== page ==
Typhoon Mufia will hit Shanghai with hurricane force


Typhoon Muifa is set to hit Shanghai, China’s most populous metropolitan area, late Wednesday night into Thursday morning local time, triggering torrential rains and the potential for damaging winds and a disruptive ocean surge. .

The storm is expected to make landfall with sustained winds of 80 mph, the equivalent of a Category 1 hurricane.

China’s Meteorological Administration raised orange warnings ahead of the typhoon’s expected landfall, writing: “[a] heavy rain or thunderstorms will hit coastal areas.

The agency also warned that “coastal regions … will be exposed to [a] scale 6-8 gale”, which corresponds to sustained winds of up to 46 mph. This is a general warning for a long stretch of coastline, however, and more severe warnings will likely be issued as it becomes clear where exactly the center of the storm crosses the coast. Gusts throughout the region are expected to reach 60 mph.

AlJazeera reported that officials in Shanghai, where nearly 40 million people live, planned to cease port operations on Wednesday, with some projects ending early Tuesday evening. More than 7,000 ships sought refuge in ports. Schools have also been asked to close.

Meteorological officials are in “emergency” mode, which requires forecasters to “develop accurate and precise forecasts and refined services for the government, the related sector and the public”.

The storm is reported to have already dropped 13.9 inches of rain on Hateruma Island in Japan.

As of Tuesday evening local time, the center of Typhoon Muifa was located near 26.8 degrees north latitude, 123.9 degrees east longitude. That puts it about 150 miles northeast of Taipei in the East China Sea, or halfway between Okinawa and China’s coastal Zhejiang province.

According to the US Joint Typhoon Warning Center, maximum sustained winds in the storm’s core were just under 105 mph, making Muifa the equivalent of a Category 2 hurricane.

On satellite it appeared that the northern outer rain bands of the Muifa circulation were thinning, but this is likely due to restructuring as it organizes. Satellite water vapor imagery shows evidence of robust moisture to the north of the storm, meaning it is not dry air entrainment eroding the storm’s periphery.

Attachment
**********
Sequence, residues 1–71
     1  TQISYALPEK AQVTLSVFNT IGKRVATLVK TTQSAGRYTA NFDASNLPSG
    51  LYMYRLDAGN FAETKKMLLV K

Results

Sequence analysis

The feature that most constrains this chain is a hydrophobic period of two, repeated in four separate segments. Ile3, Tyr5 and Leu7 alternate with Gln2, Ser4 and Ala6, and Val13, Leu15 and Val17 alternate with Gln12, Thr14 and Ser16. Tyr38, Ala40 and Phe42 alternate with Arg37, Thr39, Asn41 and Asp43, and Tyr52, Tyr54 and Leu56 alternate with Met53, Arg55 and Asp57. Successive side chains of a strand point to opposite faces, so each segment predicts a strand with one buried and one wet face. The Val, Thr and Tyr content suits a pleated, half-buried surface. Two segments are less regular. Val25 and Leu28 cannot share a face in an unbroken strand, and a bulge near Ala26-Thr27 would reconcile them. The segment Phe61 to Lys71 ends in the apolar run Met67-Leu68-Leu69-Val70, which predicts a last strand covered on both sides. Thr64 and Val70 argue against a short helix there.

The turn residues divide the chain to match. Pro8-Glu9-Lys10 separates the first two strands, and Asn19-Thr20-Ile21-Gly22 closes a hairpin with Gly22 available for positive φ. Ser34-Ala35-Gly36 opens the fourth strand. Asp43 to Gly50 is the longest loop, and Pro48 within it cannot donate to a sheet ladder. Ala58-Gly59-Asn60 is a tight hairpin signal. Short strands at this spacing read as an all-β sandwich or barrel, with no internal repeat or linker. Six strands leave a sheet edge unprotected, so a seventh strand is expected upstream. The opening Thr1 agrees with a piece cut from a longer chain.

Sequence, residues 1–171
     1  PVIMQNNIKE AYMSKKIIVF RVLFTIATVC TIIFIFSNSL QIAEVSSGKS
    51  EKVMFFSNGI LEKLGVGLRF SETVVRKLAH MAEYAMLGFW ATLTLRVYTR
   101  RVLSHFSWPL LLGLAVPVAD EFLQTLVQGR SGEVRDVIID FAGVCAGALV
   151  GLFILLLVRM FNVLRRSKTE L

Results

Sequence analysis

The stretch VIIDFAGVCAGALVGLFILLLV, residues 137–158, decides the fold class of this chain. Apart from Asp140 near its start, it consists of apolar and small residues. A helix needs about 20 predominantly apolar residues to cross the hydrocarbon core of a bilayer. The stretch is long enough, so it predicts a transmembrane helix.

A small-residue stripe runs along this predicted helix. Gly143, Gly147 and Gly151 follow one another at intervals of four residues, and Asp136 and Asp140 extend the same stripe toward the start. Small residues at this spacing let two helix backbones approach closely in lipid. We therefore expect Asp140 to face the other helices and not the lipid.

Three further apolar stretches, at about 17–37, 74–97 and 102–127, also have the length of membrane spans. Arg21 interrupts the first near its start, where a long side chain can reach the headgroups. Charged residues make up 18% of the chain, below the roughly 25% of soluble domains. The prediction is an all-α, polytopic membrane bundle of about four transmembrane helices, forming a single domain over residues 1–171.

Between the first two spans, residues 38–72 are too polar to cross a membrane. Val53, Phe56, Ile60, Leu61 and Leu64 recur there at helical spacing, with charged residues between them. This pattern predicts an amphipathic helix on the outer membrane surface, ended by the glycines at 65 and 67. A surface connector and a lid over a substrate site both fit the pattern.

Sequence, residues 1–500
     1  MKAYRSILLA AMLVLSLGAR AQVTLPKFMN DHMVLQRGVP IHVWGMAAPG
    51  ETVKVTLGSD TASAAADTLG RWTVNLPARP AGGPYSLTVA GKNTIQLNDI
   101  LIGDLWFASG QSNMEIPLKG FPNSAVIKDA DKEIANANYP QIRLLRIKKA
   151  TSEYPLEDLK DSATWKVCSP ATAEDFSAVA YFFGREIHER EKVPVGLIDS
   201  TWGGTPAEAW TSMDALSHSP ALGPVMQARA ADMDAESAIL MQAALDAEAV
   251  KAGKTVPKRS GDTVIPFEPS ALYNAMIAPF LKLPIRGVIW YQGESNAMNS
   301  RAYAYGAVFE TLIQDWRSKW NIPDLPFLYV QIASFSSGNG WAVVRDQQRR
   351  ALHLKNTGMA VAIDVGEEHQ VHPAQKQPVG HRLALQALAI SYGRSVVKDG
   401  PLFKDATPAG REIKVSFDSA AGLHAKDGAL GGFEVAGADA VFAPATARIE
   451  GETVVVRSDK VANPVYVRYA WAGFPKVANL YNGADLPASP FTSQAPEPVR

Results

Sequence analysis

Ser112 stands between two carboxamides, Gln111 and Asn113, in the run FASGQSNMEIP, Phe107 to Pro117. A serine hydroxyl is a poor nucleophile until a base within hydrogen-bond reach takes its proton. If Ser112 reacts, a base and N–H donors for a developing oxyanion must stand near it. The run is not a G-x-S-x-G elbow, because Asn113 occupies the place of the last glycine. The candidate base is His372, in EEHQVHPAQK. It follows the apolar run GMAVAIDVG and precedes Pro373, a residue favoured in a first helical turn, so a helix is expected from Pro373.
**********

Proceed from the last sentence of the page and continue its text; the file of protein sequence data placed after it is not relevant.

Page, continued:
Storm activity can be seen aggressively as individual towers of updraft orbit around the center of the storm. This is usually a sign of strengthening, and Muifa should intensify slightly before weakening on China’s final approach.

Expected strike on Shanghai

As currently scheduled, Muifa is expected to move into Hangzhou Bay, south of Shanghai, on Wednesday mid-evening local time. From there, the storm will continue north-northwest towards the core of Shanghai’s urban corridor.

The Joint Typhoon Warning Center predicts maximum sustained winds of around 80 mph, mostly east of the center, with winds in the range of 55 to 65 mph to the west. Winds can be accelerated between tall buildings in the city.

The specific track will be critical when it comes to storm surges: the rise of ocean waters above normally dry land. Tropical cyclones and all low-pressure systems in the Northern Hemisphere spin counterclockwise, bringing southerly winds to the east side of the system but northerly winds to the west of the storm. Given the shape of Hangzhou Bay, overland flow could push significant amounts of water to the coastal stretches of Pudong and Fengxian District. That could mean a storm surge in the range of 4-6 feet in a reasonable worst case. Levees are common in these parts of town, but splashing and some flooding are still likely.

A potentially greater concern will come from the Yangtze River and the Changjiang River Estuary, which runs northwest to southeast. Assuming the winds start from the southeast, this will push the water inland, eventually spilling into areas like the Bixi residential area or the Nantong coast.

Any flooding could be aggravated by forecasted rainfall, as a pent-up Yangtze would mean a reduced ability for freshwater floods to flow into the ocean. As it stands, the China Meteorological Administration predicts up to 10 to 16 inches of precipitation in the region, and rainfall rates could exceed 2 to 3 inches per hour. This could pose a problem for the city’s subway system.

Shanghai is no stranger to tropical systems. Last year, Typhoon In-fa hit just south of the city, leaving behind tthe equivalent of 2 billion dollars of damage in China.

In July 1915, the strongest typhoon to hit the city delivered sustained winds of 85.7 mph. This typhoon is unlikely to be that intense. In 1949, Gloria passed just south of Hangzhou Bay as a Category 2 equivalent typhoon.

Another one developing tropical system could threaten parts of the Japanese archipelago and the East China Sea next week.

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